“We must all hang together, or, most assuredly, we shall all hang separately.”

With those words, Benjamin Franklin urged Americans to remain united in the face of Great Britain’s enormous power.

July 4, American Independence Day, resonates in the grim “celebration” of the 25th anniversary of China receiving authority over Hong Kong from Britain.

On July 1, China President Xi Jinping briefly visited Hong Kong, praising the agreement on “one country, two systems” by which Britain ceded control. Actually, China has been ruthless in obliterating political freedom. Knowledgeable Benedict Rogers of The Wall Street Journal has detailed the brutal, bloody continuing repression.

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Benjamin Franklin was a newspaper publisher, among many enterprises, and his inspiring words apply directly to the media. In August 2020, police arrested influential entrepreneur and freedom advocate Lai Chee-Ying (known by the name Jimmy Lai), founder of the popular Hong Kong newspaper “Apple Daily” and media company “Next Digital.” Beijing forced these companies out of business. Earlier, he created the successful clothing company Giordano.

Police seized Lai at his home, then took him to his newsroom in handcuffs, a calculated public display involving 200 officers. Simultaneously, authorities arrested others.

These thugs echo the repression by the Nazi Party in Germany, and the communists of the Soviet Union, in an earlier era.

However, this is not Germany in the 1930s, or even the Cold War Soviet Union. 20th century totalitarians did not have to face pervasive public media. Today, anyone with a cellphone can disseminate information.

Almost immediately, witnesses transmitted the shocking Hong Kong events worldwide. Pointed editorial commentaries accompanied visual imagery.

The employees of Lai’s publications were not silenced, quite the reverse. As police rifled through desks and seized files, their police-state tactics unfolded in real time on Facebook Live.

Hong Kong shows the world the terrible truth about communist China

This is stark evidence of Beijing’s extreme repression in Hong Kong. In June 2020, China made public a harsh new national security law. The law was moved through the rubber-stamp national legislature and signed in secrecy.

The United States opposes this despicable, disturbing dictatorship. In 2020, the Trump administration ended Hong Kong’s favored trade status. The Biden administration has continued this policy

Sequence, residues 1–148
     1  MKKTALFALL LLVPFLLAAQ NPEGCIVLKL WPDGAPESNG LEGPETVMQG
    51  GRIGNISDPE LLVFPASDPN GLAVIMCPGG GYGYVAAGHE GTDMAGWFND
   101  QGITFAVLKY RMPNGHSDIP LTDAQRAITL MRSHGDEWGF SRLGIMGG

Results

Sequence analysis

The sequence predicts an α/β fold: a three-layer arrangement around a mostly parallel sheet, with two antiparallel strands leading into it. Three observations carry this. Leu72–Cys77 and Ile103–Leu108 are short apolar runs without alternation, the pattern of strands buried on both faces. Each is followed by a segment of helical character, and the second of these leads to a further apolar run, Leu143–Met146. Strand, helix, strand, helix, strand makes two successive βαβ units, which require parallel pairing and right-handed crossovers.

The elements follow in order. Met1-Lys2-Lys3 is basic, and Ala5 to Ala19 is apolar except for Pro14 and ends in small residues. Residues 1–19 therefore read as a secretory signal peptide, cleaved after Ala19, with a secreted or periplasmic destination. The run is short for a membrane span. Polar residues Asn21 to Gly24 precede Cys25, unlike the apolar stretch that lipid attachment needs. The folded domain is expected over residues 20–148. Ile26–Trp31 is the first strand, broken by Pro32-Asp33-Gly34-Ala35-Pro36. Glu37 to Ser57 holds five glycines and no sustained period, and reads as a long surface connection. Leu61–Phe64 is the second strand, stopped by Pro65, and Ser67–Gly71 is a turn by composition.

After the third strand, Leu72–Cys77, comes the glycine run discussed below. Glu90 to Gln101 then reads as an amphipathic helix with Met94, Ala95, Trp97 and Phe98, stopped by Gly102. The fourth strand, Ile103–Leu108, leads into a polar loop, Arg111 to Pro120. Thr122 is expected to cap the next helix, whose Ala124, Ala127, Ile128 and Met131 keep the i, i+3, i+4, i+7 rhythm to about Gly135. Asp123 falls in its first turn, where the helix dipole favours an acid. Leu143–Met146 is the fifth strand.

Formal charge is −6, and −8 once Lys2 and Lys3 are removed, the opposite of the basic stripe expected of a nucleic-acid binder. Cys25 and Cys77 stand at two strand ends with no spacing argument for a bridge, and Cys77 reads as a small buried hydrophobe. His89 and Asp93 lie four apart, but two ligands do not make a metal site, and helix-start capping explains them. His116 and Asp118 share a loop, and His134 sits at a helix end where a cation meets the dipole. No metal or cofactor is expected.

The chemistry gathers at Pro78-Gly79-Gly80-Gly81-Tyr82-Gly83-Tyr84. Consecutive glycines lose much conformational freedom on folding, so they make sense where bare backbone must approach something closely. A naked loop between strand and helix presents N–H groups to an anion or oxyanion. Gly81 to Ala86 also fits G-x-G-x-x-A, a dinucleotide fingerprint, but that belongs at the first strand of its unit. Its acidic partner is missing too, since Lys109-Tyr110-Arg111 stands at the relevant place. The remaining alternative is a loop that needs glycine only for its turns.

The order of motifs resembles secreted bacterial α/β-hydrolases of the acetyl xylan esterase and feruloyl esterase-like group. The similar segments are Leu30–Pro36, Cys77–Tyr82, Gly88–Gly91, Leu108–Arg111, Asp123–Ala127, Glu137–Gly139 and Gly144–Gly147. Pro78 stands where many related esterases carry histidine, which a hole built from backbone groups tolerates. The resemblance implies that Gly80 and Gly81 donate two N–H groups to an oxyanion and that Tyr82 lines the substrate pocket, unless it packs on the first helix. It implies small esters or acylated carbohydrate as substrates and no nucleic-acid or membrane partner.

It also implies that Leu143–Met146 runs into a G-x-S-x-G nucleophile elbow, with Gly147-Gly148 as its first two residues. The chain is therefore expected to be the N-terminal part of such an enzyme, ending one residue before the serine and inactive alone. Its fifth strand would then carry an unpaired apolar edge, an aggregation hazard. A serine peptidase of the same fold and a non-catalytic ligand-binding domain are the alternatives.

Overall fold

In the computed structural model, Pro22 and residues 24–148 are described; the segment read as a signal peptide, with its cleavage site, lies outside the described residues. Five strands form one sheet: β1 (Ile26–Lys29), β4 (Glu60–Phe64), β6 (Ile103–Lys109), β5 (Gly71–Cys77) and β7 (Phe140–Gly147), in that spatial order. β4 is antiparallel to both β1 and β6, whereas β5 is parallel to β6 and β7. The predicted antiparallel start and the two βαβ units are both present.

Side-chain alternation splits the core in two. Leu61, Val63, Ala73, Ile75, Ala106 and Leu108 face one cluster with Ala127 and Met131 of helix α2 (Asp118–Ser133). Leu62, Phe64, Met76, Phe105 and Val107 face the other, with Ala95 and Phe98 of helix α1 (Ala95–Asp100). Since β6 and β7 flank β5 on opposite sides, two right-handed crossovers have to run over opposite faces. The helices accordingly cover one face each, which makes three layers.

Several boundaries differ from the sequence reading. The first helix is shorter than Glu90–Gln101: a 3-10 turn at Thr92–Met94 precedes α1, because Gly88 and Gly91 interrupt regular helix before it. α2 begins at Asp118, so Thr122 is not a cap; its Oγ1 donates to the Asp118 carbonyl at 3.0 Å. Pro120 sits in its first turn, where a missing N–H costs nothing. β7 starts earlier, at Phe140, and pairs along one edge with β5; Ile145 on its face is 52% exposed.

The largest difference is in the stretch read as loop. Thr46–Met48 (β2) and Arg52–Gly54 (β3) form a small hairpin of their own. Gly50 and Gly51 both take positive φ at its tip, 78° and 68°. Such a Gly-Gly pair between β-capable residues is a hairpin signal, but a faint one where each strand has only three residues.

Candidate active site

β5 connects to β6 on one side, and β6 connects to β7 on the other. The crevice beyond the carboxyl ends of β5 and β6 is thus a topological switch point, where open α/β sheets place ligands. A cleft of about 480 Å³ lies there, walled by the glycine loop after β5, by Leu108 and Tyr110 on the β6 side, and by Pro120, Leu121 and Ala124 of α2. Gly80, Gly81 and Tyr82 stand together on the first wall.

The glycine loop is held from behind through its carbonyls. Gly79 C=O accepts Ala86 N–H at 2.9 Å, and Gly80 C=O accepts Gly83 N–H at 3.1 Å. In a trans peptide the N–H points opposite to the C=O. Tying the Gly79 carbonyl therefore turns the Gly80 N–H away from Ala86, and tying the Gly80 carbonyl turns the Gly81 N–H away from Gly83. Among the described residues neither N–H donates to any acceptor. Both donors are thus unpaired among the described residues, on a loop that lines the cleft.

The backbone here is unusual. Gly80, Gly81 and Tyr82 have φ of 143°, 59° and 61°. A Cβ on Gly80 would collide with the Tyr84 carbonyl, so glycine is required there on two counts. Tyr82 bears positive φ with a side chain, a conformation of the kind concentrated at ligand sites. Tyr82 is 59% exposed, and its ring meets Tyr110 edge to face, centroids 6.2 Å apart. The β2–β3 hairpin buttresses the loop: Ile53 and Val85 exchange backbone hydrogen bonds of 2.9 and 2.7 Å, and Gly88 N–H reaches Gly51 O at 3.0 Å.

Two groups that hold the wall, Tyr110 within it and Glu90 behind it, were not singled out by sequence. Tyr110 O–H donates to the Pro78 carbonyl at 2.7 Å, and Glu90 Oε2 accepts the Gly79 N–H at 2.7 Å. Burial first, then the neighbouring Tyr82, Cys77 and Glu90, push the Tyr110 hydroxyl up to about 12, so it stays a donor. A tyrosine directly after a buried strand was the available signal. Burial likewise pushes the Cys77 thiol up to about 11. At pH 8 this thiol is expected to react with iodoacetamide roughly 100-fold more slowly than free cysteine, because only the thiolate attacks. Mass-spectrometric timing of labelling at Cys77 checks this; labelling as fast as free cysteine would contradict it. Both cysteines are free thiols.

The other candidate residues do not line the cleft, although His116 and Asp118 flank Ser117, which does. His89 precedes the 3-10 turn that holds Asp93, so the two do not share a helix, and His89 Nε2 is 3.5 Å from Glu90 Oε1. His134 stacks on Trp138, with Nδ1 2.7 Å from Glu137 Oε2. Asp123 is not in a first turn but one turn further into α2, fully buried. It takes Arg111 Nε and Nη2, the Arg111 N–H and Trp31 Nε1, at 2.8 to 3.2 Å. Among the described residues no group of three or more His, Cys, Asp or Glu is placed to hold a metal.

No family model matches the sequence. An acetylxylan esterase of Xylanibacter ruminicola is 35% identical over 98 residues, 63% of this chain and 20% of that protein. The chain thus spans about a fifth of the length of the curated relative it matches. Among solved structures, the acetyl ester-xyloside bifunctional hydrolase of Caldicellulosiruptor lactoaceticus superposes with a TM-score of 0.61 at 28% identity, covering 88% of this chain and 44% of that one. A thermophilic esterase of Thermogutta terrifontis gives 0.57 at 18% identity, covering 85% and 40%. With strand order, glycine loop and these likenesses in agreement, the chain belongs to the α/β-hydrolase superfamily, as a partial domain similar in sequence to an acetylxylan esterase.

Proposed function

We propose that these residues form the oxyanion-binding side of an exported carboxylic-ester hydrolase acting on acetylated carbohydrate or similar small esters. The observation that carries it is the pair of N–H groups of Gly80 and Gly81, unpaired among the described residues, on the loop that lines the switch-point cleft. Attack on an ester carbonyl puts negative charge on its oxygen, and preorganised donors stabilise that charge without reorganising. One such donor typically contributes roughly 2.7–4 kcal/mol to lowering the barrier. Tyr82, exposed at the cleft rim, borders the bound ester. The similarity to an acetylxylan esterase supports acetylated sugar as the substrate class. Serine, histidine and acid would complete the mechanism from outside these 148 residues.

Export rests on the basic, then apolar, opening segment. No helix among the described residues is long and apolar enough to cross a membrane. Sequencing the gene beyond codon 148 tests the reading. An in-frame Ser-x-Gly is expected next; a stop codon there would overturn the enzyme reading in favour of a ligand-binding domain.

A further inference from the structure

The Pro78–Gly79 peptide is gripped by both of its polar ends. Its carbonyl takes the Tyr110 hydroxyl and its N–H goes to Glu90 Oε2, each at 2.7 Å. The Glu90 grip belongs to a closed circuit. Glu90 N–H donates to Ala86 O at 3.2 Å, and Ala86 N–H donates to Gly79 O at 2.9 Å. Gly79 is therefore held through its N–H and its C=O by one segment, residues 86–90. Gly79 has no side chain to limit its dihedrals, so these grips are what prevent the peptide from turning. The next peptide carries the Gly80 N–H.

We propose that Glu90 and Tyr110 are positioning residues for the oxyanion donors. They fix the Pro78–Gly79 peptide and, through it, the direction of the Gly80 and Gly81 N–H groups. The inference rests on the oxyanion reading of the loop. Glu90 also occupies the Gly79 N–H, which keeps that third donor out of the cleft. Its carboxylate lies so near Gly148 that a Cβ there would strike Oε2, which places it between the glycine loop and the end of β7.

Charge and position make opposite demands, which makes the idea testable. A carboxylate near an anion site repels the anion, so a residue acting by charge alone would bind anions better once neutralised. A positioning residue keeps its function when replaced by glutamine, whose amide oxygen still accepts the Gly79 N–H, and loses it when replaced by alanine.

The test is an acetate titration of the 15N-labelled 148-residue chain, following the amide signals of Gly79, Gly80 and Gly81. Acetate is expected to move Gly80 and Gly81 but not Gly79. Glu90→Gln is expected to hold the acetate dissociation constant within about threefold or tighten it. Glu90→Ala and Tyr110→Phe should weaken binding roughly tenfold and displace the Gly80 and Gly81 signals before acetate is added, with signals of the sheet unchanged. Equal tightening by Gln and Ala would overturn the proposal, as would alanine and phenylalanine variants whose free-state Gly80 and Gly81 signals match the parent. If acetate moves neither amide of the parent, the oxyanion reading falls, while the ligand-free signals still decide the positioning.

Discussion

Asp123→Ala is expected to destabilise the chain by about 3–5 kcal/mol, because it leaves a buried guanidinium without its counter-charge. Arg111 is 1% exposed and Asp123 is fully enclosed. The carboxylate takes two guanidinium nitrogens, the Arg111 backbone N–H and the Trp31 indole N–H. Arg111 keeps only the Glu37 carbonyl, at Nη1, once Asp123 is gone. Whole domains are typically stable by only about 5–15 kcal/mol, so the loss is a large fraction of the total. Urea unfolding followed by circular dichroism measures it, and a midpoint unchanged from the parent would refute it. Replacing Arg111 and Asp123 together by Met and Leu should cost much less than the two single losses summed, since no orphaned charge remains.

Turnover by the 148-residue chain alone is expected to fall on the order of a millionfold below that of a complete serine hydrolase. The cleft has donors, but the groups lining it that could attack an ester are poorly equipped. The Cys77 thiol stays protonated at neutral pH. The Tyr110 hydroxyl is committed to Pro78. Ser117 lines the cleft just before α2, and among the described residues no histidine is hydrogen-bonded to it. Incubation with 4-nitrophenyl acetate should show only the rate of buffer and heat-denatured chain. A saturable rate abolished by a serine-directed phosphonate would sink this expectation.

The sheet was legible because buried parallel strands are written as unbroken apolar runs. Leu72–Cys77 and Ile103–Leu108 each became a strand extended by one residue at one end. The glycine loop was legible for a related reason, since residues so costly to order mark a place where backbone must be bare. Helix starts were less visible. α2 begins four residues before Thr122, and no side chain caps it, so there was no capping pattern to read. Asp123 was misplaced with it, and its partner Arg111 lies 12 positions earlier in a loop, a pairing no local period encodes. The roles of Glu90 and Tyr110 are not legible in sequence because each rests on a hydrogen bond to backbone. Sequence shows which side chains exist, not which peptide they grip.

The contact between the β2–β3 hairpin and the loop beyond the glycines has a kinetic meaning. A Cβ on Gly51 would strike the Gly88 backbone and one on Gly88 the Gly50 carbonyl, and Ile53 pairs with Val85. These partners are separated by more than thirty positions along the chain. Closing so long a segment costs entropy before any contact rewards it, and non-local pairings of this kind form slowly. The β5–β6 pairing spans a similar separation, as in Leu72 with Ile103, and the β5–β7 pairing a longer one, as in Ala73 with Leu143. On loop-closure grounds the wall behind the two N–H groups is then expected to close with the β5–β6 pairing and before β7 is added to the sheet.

In July 2019, Lai visited the United States. He met with Vice President Mike Pence and Secretary of State Mike Pompeo.

Meanwhile, Britain’s government announced Hong Kong residents holding British passports and their dependents may seek citizenship. The British colony became a “semiautonomous administrative region” of China in 1997. Beijing today has ended that freedom, and Xi’s hypocrisy is obvious.

Other governments should penalize China enablers, and public discussion of their business practices is essential. In 2019, Google announced termination of Project Dragonfly, a China censorship tool, after tremendous criticism, including from within the powerful corporation. Other U.S. companies, including Cisco Systems and Microsoft, have also aided China’s dictatorship.

‘The Great Firewall’ and the cost of doing tech business in China
The (censor-free) Winter Games — Chinese style!

In terms of economic influence and military power, vastly larger China dwarfs both Hong Kong and Taiwan. Yet economic realities provide opportunities for positive leverage on Beijing.

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U.S. government leaders must reinforce actions to date with a sustained strategy to restrain China’s repression and expansion. The NATO summit in Madrid for the first time has included government heads from Asia, specifically Australia, Japan, New Zealand and South Korea.

Finland and Sweden have officially been invited to join NATO after Turkey drops veto

Beijing has been deterred before. Today, global commercial and political tides are moving in the direction of freedom.

Ben Franklin and associates would support Jimmy Lai and his courageous associates, and so must we.

Arthur I. Cyr is author of “After the Cold War.” Contact acyr@carthage.edu

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